This hypocritically occurred moments before a lengthy segment on "Hardball" about violent rhetoric wherein he complained about "over-the-top references to guns all the time by people like Sarah Palin" (video follows with transcript and commentary)....

The video shows an image of the Capitol with crosshairs on it, with the words "Fire On The Right". Another site sarcastically states:

This is clearly one of many warning signs that shouldn’t be ignored. We suspend first graders for drawing pictures of guns at school, so episodes like these deserve the same kind of caution.

What's good for the goose, Chris....

Friday, January 14, 2011

How Would Someone Figure This Out?

What would possess someone even to think of studying this, much less come up with Kaprekar's Constant?

6174 is known as Kaprekar's constant after the Indian mathematician D. R. Kaprekar. This number is notable for the following property:

1. Take any four-digit number, using at least two different digits. (Leading zeros are allowed.)
2. Arrange the digits in ascending and then in descending order to get two four-digit numbers, adding leading zeros if necessary.
3. Subtract the smaller number from the bigger number.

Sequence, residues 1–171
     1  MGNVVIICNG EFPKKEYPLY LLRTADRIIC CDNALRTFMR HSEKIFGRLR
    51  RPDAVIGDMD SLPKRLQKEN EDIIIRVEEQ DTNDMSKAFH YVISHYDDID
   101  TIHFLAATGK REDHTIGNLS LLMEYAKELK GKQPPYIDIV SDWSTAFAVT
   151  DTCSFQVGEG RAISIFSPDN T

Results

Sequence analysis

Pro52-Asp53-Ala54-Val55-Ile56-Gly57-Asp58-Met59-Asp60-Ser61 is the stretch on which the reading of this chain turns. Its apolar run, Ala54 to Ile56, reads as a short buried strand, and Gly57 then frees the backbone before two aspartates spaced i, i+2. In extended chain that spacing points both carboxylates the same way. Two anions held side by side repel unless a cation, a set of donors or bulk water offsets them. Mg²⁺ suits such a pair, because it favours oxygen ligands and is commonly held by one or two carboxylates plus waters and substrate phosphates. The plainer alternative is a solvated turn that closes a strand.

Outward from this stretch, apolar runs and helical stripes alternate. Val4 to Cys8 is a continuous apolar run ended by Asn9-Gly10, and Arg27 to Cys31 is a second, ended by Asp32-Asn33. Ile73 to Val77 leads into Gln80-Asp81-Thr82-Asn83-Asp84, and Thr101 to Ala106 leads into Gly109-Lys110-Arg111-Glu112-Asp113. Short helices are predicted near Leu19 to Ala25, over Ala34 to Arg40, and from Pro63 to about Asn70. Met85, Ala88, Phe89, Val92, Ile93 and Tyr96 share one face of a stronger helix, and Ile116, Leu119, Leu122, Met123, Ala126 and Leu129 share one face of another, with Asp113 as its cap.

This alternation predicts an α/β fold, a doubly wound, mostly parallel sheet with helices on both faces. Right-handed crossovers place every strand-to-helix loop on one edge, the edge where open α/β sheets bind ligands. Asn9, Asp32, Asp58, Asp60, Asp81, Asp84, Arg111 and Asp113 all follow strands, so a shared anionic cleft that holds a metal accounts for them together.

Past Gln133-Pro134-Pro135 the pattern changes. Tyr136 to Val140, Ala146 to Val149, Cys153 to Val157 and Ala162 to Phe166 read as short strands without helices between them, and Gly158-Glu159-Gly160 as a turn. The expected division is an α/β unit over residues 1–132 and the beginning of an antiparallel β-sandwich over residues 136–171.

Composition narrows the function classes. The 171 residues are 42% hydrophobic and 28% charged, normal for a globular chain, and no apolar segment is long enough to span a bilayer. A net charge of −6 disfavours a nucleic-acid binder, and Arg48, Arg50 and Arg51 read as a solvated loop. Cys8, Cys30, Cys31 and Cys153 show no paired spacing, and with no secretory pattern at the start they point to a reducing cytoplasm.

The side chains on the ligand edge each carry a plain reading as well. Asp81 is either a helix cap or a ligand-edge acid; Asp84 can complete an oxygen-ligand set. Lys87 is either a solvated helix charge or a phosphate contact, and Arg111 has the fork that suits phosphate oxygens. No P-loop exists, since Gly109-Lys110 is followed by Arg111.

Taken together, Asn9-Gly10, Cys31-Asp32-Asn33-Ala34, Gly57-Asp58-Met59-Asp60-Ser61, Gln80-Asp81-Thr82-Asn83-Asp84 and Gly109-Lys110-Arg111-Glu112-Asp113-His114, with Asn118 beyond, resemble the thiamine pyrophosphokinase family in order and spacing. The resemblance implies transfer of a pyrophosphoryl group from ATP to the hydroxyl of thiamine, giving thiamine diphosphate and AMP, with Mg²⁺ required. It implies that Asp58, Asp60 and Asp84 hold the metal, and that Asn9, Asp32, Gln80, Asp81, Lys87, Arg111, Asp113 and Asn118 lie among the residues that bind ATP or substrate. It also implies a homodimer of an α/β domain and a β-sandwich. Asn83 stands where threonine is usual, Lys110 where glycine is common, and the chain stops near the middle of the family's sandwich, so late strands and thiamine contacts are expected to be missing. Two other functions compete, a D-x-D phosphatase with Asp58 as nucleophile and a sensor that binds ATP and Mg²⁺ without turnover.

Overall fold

4. Go back to step 2.

The above process, known as Kaprekar's routine, will always reach 6174 in at most 7 iterations.[4] Once 6174 is reached, the process will continue yielding 7641 – 1467 = 6174. For example, choose 3524:

5432 – 2345 = 3087
8730 – 0378 = 8352
8532 – 2358 = 6174

Today's Teacher Workday

Final exams ended yesterday, and Dr. King's holiday is Monday, thus giving our students a nice 4-day weekend. We teachers, though, we had to toil.

And toil we did. As has been customary at our school for the 8 years I've worked there, on this "teacher workday after finals" our administrators make pancakes, bacon, and sausage, and serve it up to the staff first thing in the morning. It's an easy way to engender a lot of goodwill.

Then it was off to grading. I had already graded and recorded all the multiple-guess portions of the finals I gave, and today I had just a few dozen remaining short-answer portions of the finals. Had a "rigorous" visit to the gym last night and a few sore muscles told me that sitting hunched over my desk grading papers was not going to be a well-tolerated activity--so I put a note on my door, in case anyone showed up looking for me, and I retired to the nearby staff lounge (we have 3 on campus). I kicked off my shoes, stretched out on the couch, and started grading. It didn't take long before I was done.